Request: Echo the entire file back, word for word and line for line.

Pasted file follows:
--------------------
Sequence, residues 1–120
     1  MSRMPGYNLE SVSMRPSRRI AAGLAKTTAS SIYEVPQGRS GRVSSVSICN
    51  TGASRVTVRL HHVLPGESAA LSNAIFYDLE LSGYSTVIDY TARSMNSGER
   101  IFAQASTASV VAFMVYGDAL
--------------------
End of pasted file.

Sequence, residues 1–120
     1  MSRMPGYNLE SVSMRPSRRI AAGLAKTTAS SIYEVPQGRS GRVSSVSICN
    51  TGASRVTVRL HHVLPGESAA LSNAIFYDLE LSGYSTVIDY TARSMNSGER
   101  IFAQASTASV VAFMVYGDAL